A couple of weekends ago last my partner Jane and I decided to have “a day at the seaside”. Although we live only a few miles from Aberystwyth, going there is such a routine that it is sometimes difficult to drag one’s feet away from the well trodden paths we have each made in the town. So we decided to head down to New Quay, about 25 miles to the south, and what is more, go (most of the way) on the bus. Arriving on the outskirts of the village we made a connection on to the “Cardi Bach” – a local bus that twice daily links the villages between there and Cardigan. It seemed more like a fairground ride than a bus service as it rattled down the steep, narrow and overgrown lane running down to the coast at Cwmtydi. Having fortified ourselves with coffee there, we began the coastal walk to New Quay about five miles distant.
Many years ago I had what could almost be described as “a proper job”. It was in 1983 and I was employed on a Manpower Services Scheme to supervise the clearance and re-opening of various stretches of footpath along the Ceredigion coast. So it was a trip down memory lane for me, although it is shameful to admit that I’ve not walked several lengths of the coast since the early 1980’s! One particular stretch of the coastal slope/hillside I remembered as being impossible to traverse despite there being a public footpath across it. In those early days it was necessary to descend right down to a narrow and remote pebbly beach and then after 100 yards or so climb back up on to the cliff top. Since those early days additional sums of money have been spent on these paths and some relatively major engineering projects completed, and they now form part of the All-Wales Coastal footpath. What really brought my mind back to those days was the sight of two footpath signs which I had designed and possibly even built myself back in early 1984 – much the worse for wear after more than thirty years out in the elements but still doing their job and now almost part of the landscape.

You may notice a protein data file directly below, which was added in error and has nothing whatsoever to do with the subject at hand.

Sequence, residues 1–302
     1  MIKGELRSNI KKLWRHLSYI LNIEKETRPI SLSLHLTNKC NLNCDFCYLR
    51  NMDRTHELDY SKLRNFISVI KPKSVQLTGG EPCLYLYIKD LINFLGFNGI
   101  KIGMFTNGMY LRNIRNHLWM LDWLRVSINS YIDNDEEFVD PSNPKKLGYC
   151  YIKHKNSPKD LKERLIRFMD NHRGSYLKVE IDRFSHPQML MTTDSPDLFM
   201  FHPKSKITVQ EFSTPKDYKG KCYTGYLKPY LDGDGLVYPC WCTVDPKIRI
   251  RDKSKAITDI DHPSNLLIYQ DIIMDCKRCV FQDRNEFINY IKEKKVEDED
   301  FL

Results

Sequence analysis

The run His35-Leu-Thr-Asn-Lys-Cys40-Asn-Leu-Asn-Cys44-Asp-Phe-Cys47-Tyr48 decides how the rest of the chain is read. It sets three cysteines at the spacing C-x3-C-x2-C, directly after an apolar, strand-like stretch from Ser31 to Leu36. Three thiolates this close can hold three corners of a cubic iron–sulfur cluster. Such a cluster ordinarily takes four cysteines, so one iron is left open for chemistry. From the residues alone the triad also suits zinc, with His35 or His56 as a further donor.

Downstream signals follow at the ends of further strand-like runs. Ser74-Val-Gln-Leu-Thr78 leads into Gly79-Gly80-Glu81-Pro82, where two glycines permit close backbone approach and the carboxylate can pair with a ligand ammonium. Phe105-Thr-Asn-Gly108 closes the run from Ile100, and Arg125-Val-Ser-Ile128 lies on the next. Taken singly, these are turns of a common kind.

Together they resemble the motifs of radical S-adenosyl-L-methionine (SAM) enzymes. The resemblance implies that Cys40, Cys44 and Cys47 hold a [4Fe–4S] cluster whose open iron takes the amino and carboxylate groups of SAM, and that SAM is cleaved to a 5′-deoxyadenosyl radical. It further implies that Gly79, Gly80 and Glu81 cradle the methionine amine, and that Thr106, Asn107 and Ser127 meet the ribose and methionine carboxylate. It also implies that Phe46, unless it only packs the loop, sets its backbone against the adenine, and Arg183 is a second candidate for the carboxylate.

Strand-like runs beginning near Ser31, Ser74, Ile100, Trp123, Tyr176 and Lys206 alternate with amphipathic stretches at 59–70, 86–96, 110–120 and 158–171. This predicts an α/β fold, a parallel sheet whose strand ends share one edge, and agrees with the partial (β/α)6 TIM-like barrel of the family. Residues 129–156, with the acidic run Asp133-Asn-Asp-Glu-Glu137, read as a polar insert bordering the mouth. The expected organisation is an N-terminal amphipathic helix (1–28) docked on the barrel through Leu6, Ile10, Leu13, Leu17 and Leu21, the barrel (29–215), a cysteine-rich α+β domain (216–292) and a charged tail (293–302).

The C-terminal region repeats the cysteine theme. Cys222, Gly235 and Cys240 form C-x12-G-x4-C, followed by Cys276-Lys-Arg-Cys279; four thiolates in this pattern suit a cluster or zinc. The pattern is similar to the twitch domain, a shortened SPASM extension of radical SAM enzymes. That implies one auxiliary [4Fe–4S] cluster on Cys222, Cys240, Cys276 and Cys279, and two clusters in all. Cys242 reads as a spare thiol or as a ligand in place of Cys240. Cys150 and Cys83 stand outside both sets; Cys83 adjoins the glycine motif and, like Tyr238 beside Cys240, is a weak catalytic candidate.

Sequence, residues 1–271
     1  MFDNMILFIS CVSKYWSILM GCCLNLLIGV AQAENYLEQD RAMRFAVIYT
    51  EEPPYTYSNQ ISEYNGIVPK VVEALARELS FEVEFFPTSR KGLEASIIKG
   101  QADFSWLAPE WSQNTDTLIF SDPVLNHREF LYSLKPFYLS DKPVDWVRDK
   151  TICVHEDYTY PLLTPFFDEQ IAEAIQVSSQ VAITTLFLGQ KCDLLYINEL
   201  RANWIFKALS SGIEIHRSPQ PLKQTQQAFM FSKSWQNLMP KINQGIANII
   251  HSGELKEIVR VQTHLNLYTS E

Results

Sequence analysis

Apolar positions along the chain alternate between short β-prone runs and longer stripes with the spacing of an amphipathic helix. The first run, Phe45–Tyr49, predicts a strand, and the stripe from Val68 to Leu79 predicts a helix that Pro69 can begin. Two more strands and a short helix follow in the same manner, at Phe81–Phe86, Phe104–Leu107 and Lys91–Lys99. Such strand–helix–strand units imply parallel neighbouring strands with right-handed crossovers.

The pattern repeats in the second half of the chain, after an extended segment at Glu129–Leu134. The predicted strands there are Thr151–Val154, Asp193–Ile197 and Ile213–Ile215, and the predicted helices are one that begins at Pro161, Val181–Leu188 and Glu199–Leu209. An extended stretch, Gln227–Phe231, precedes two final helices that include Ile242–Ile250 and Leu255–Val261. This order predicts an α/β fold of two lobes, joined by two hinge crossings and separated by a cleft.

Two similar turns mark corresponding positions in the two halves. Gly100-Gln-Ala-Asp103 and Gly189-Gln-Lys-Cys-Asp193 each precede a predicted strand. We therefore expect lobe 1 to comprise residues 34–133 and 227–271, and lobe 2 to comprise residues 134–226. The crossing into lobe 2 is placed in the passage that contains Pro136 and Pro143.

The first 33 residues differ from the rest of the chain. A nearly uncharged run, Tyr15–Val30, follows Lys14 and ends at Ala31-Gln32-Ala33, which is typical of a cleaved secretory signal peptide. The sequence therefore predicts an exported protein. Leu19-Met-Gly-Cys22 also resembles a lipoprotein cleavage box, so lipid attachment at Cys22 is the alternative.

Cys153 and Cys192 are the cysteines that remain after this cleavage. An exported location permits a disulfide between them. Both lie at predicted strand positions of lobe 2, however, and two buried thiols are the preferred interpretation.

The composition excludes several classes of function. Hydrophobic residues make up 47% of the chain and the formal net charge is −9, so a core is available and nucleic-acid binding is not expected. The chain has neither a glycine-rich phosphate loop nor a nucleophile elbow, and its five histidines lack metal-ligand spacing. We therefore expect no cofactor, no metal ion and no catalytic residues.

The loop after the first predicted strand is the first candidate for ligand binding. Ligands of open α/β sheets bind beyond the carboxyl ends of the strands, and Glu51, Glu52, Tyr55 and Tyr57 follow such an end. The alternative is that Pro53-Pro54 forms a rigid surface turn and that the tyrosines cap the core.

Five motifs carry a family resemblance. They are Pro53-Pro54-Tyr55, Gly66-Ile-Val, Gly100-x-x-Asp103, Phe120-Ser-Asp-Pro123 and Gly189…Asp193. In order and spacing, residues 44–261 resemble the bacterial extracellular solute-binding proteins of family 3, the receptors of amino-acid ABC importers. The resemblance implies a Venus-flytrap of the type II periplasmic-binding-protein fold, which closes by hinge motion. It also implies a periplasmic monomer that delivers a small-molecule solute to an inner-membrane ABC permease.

On the walk we met Arfon Williams, one of the RSPB’s top people in Wales. We stopped to have a chat and he told me that he was planning to return to Cwmtydi via Cwm Soden, a wooded valley which Jane and I had crossed via a footbridge. During my footpath survey and clearance days I had identified Cwm Soden as having a particularly diverse range of butterflies and Arfon mentioned that it was now managed for them by the National Trust in conjunction with the charity Butterfly Conservation. I wondered if my observations in summer 1983 had contributed to the knowledge about Cwm Soden and the conservation effort now made there. I’d like to think so.
It was a good walk- if rather bird-free – and after a couple of hours (well, three….) we arrived at the bustling holiday village of New Quay. On this sunny Saturday afternoon it was absolutely heaving with visitors. The beach was thronged with families and the high-pitched voices of happy children were everywhere to be heard. There were queues for ice-creams and chips and it really was the archetypal British summer seaside holiday experience. There is still a resident population of bottlenose dolphins in Cardigan Bay and New Quay is also the centre for dolphin watching in Wales. Several operators run boat trips out of the harbour to see them. There is also a conservation presence there – I should damn well hope so! In particular I popped in to the Cardigan Bay Marine Wildlife Centre. It so happened they were running a 8 hour dolphin survey boat trip the following day and they had one space left! So it was back home on the bus then an early start the following day and a drive back down to New Quay. It was hardly good planning but that spare place definitely had my name on it!
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